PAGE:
Garlic: Hate it or love it


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One of the oldest cultivated plants in the world, garlic has its share of fame and popularity throughout history. Highly prized as a culinary spice, it has recently been placed in the limelight being crowned as a superfood. Notorious for its pungent smell and distinctive flavour, it was used as a vampire repellent as well as a currency and medicine. Other members in the garlic family include leeks, spring onions and chives, all of which also carry a distinct flavour and aroma.


Why do people consider garlic a superfood?



Nutritional highlights:


Garlic contains Manganese, vitamins B6 and C, Selenium and Copper. Other minerals found in garlic include iron, calcium, potassium and phosphorous. All these compounds are essential to a healthy body. But most notable of all would be Allicin. This Sulphur containing compound is what gives garlic is touted antioxidant effect (as well as deadly breath and aftertaste).

 

100g of garlic would provide:










149 calories6.4g protein0.5g fat33.1g carbohydrates2.1g fibre

 

Fight against diseases:


Garlic has been suggested to be effective in the fight against cardiovascular diseases, high blood pressure, cancers, cholesterol and obesity. Studies have shown that those having high garlic consumption have been associated with better blood circulation and lower cholesterol levels, both of which reduce the risk of cardiovascular disease. This is through Allicin and its compounds, acting as an anticoagulant, which inhibit clots forming in blood vessels. Allicin compounds have also been said to reduce DNA replication, inhibiting the growth of cancer-related cells. Studies have shown that foods prepared with garlic are more effective in reducing high blood pressure than foods without. However, dietitians have concluded that there is still insufficient evidence to endorse the supplementation of garlic to improve your health.

 

Whoaaaaaa hold on! This doesn’t mean that you shouldn’t eat garlic. Garlic certainly won’t do you any harm. Besides providing you with vitamins and minerals, it can also be used as a weight loss aid. Add them to dishes as a substitute for salt as well as an extra punch of flavor. Other herbs and spices like chili and ginger can go a long way. Salt has been the biggest contributor to high blood pressure, with many consuming 9g/day, almost 2x greater than the recommended intake of 5g/day.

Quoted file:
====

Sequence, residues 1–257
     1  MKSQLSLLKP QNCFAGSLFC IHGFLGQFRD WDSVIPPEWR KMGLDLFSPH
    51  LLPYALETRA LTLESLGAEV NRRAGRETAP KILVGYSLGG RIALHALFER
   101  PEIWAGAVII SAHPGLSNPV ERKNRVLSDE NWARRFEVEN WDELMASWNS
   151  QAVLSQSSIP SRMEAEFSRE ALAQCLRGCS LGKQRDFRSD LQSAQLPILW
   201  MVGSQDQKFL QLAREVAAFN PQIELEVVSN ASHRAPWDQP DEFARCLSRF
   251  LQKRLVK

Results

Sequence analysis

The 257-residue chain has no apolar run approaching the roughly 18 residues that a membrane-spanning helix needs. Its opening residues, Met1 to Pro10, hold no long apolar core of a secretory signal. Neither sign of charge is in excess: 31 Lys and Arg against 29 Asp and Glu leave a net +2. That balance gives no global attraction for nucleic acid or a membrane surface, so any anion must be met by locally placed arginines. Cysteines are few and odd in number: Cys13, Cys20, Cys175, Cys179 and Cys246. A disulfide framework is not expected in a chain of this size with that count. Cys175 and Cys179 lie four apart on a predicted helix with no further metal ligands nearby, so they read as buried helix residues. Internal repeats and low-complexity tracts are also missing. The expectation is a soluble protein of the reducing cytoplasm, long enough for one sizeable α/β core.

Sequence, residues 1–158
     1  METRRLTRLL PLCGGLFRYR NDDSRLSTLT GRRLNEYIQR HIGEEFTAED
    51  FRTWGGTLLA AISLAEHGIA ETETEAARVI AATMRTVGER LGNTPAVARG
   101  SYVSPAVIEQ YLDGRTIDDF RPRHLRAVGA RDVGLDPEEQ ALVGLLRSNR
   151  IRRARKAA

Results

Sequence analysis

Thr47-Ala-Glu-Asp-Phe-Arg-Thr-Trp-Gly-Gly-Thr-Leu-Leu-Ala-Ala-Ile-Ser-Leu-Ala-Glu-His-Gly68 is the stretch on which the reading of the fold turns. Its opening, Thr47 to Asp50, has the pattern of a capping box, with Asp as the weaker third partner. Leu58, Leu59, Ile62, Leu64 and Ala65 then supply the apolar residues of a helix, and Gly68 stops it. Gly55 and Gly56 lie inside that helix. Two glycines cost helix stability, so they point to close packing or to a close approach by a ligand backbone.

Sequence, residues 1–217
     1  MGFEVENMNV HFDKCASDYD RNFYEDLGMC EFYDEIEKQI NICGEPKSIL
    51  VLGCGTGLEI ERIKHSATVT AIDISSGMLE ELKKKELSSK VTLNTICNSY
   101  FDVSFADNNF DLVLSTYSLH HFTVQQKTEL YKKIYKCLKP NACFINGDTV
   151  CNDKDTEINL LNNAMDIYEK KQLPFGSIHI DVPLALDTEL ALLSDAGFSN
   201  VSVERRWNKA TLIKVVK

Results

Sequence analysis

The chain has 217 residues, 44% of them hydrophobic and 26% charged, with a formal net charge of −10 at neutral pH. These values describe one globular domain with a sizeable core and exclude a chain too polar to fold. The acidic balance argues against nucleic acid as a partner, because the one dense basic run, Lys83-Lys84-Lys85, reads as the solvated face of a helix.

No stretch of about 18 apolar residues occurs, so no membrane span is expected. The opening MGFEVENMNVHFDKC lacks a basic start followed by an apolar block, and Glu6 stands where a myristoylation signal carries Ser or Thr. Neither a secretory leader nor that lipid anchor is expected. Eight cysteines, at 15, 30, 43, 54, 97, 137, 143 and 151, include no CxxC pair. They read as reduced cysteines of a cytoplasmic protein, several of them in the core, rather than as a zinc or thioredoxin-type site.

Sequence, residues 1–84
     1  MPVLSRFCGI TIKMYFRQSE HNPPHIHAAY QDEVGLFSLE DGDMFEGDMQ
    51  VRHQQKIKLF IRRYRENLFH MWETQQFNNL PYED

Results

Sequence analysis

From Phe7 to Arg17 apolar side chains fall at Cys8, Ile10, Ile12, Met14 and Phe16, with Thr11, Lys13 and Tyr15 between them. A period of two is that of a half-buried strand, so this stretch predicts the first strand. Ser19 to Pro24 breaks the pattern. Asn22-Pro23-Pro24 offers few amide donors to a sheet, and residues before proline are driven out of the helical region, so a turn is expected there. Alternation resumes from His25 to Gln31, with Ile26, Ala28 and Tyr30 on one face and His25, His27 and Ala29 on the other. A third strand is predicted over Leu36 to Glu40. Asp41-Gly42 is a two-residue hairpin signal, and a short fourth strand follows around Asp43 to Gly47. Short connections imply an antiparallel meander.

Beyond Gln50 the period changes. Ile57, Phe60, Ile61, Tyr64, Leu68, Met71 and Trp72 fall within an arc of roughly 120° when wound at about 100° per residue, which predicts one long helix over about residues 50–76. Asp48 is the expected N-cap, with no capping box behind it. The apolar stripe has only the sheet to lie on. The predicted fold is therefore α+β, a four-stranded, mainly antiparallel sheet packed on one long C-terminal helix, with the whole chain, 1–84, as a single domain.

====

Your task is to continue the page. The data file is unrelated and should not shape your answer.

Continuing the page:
Tip: Garlic can be stored for long periods, from 2 weeks to 2 months if stored in a cool dark place. Breaking the head of garlic can greatly reduce its shelf life to a few days.

What about black garlic?black-garlic-noodles-2-576x383


Black garlic is garlic that has been fermented in temperatures of 65-80 degrees in a humidity controlled room for about a month, then left to air dry and oxidize for 45 days. This fermentation process gives it its distinct sweeter, prune like taste, which appeals to more tastebuds. However, it maybe the price that throws you off, costing up to $6 per bulb!

Health benefits of black garlic come from Allicin’s counterpart, S-Allylcysteine, and it’s antioxidant properties. Black garlic has roughly two times the amount of antioxidants compared to white garlic, and could be more potent in protecting the body against cancer and other chronic diseases.

I love garlic but hate garlic breath


Fret not! There is a way to cure the dreaded garlic breath. More effective than chewing an entire packet of gum or mouthwash, try chewing on some fresh mint leaves or parsley. Mint was found to be the most effective, followed by chewing on raw apples or raw lettuce, which had only a 50% deodorizing effect.  Researchers suggest that raw foods are more effective in curing garlic breath as it has odour eliminating enzymes and phenolic compounds, which vapourize the garlic compounds.

Can garlic be dangerous?


Garlic is generally considered very safe and allergies are scarce. However, eating too much garlic may result in diarrhea, intestinal gas and indigestion.

It is also good to note that garlic may react with certain medications such as blood thinners, making you more susceptible to bleeding. Do consult with your physician if you are taking any cholesterol or hypertension medication.

 

 

Reference:

Singapore General Hospital

Live strong

Munchies 

BBC

British Dietetic Association 


Sara

by Sara

Certified nutritionist with sports and fitness in my blood. Basketball is my passion and I live by Ali’s saying “don’t count the days, make the days count” View all articles by Sara.




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